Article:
A librarian and a teacher of teachers responds to the New York Times’ editorial demand for more carrots (merit pay) and sticks (firings) for teachers in schools with low test scores.
Re “Carrots and Sticks for School Systems” (editorial, Aug. 6):
It is not surprising that many school managers do not distinguish between high- and low-performing teachers. Most schools are still based on an industrial model of moving students through an assembly line of classes and grades to achieve outcomes measured by standardized tests.
Standardized teaching can be done by mediocre teachers using scripted lessons. Excellent teaching requires well-honed judgments about individual students based on observation, information from a robust assessment program, and a great deal of knowledge and informed intuition about young people. These qualities are not encouraged or rewarded by a culture of standardization but rather of professionalism.
Nor will teachers improve using “carrots and sticks.” Excellence does not come from negative reviews, the possibility of promotions or even salary increases based on merit. Excellence is encouraged by the intrinsic rewards teachers seek, which come from a school’s commitment to their continuing development as professionals.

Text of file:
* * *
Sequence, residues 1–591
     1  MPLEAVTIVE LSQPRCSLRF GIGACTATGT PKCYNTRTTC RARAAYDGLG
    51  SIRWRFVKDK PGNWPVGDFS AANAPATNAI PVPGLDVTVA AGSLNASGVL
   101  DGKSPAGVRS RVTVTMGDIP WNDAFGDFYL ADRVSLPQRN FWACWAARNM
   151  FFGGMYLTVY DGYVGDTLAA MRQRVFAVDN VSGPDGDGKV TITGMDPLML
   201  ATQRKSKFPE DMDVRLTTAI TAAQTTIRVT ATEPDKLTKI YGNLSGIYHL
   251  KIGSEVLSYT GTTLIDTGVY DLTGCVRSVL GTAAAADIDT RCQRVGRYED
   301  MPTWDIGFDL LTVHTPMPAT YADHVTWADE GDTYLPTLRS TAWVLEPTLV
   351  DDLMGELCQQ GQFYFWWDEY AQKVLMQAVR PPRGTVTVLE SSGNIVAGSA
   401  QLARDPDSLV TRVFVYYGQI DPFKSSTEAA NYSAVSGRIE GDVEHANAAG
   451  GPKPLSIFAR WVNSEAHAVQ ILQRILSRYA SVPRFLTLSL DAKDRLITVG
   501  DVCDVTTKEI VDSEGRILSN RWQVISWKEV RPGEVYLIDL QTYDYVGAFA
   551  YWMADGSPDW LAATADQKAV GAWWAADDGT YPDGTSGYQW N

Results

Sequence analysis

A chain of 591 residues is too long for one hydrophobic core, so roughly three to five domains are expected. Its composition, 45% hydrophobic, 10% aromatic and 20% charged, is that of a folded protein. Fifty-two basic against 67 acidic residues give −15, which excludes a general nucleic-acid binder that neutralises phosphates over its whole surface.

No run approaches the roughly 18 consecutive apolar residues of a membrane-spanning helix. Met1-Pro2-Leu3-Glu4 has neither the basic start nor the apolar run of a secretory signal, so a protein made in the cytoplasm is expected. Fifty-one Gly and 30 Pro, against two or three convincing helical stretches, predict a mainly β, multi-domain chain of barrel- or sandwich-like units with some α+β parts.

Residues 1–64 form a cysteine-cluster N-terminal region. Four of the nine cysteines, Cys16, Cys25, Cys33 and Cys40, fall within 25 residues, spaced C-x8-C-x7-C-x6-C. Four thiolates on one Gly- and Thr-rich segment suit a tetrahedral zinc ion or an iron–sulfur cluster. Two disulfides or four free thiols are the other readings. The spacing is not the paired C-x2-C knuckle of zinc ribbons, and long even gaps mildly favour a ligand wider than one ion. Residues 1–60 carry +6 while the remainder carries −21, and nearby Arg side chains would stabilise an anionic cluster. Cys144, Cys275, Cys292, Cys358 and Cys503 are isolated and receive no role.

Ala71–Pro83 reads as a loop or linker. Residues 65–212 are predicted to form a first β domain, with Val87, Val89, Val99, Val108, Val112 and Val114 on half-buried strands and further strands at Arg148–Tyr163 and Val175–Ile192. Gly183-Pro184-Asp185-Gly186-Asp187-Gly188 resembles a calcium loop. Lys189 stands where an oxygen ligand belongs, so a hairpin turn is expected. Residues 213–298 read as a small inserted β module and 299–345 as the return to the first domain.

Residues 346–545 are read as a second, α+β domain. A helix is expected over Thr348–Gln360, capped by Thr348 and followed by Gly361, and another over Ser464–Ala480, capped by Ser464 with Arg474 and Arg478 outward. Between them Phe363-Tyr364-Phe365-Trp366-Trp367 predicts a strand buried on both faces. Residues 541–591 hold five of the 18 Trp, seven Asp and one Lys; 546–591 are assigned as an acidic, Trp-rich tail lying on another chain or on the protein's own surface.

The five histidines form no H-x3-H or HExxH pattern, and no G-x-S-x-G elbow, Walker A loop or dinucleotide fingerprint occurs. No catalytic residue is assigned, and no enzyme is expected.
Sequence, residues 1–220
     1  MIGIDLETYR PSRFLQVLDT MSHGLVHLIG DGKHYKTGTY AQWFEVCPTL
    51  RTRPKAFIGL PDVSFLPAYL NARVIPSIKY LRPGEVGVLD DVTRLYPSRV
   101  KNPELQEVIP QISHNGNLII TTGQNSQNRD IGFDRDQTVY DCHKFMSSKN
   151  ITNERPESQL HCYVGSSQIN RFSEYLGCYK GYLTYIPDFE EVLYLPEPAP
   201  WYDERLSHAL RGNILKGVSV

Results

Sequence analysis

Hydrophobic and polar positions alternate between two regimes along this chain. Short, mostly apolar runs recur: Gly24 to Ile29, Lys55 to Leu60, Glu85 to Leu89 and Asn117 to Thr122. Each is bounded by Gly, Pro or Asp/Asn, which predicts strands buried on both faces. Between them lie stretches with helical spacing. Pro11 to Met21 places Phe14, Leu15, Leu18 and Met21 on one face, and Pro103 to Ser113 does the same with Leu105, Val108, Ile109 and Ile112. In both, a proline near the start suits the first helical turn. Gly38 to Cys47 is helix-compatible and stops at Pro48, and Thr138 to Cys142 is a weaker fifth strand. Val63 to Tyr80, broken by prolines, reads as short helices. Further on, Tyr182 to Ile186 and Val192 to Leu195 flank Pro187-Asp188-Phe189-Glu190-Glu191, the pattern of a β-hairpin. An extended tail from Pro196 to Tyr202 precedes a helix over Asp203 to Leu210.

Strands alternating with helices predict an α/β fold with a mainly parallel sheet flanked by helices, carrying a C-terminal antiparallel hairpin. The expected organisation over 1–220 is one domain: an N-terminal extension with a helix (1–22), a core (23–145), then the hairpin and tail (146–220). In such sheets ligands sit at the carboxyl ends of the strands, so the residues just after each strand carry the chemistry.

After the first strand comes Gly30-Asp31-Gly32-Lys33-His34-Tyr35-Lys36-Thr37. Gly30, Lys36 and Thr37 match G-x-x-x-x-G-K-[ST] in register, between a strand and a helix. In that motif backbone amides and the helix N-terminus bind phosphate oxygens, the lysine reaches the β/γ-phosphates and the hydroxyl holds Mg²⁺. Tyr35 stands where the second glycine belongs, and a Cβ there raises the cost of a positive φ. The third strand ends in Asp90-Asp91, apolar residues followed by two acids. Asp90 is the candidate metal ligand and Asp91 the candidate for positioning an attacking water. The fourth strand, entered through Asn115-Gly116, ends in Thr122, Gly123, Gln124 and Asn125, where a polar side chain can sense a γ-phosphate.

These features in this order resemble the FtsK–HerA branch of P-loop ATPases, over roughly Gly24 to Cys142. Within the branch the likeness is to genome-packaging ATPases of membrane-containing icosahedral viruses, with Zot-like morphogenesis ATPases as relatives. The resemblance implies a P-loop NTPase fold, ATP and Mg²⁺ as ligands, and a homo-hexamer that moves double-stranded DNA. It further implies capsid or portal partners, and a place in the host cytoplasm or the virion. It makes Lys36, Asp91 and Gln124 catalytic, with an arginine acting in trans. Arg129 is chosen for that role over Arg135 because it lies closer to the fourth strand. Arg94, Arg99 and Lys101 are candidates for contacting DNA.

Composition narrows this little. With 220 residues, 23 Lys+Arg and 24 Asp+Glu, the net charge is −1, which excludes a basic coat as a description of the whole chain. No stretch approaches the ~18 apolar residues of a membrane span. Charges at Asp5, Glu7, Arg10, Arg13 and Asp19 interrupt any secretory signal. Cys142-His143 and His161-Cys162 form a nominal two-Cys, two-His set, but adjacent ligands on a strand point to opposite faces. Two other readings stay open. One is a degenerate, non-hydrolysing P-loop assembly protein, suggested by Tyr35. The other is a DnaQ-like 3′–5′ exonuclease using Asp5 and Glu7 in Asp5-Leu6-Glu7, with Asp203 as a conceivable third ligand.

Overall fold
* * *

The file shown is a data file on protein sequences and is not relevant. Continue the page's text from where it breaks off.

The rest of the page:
JAMES O. LEE
Devon, Pa., Aug. 6, 2012
The writer is an adjunct instructor at Saint Joseph’s University.
To the Editor:
Your editorial, which calls for punishing and rewarding teachers based on the academic growth of their students, is mired in outdated notions of motivation. As Daniel H. Pink makes clear in “Drive: The Surprising Truth About What Motivates Us,” 21st-century workers are motivated by three things: autonomy, mastery and purpose. This is especially true for educators.
At my diverse urban public school, my principal rewards good teaching by praising and videotaping the best teachers, setting them up as role models for the rest of the faculty. He chooses these master teachers as members of the leadership team, which advises the principal on both school policy and mission.
Teaching is a collaborative, communal effort. Teachers were file-sharing back when files were housed in metal cabinets.
Punishing and rewarding teachers based on student test scores only incentivizes a drill-and-kill, teach-to-the-test mentality. It puts teachers in a competitive rather than collaborative environment.
Good principals have always been able to get rid of bad teachers. We need to focus on the recent research on motivation and move beyond carrots and paddling.
Austin, Tex., Aug. 6, 2012